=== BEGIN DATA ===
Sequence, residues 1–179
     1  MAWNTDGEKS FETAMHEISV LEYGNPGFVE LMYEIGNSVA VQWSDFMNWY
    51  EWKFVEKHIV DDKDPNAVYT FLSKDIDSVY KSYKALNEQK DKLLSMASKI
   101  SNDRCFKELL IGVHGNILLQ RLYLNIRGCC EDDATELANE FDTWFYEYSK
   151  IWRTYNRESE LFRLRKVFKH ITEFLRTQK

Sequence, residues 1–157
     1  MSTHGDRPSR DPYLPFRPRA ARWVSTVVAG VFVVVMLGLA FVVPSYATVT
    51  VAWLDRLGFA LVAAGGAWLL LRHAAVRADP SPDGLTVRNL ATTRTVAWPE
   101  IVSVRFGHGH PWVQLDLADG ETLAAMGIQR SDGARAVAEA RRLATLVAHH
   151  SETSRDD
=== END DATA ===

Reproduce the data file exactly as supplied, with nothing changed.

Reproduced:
Sequence, residues 1–179
     1  MAWNTDGEKS FETAMHEISV LEYGNPGFVE LMYEIGNSVA VQWSDFMNWY
    51  EWKFVEKHIV DDKDPNAVYT FLSKDIDSVY KSYKALNEQK DKLLSMASKI
   101  SNDRCFKELL IGVHGNILLQ RLYLNIRGCC EDDATELANE FDTWFYEYSK
   151  IWRTYNRESE LFRLRKVFKH ITEFLRTQK

Sequence, residues 1–157
     1  MSTHGDRPSR DPYLPFRPRA ARWVSTVVAG VFVVVMLGLA FVVPSYATVT
    51  VAWLDRLGFA LVAAGGAWLL LRHAAVRADP SPDGLTVRNL ATTRTVAWPE
   101  IVSVRFGHGH PWVQLDLADG ETLAAMGIQR SDGARAVAEA RRLATLVAHH
   151  SETSRDD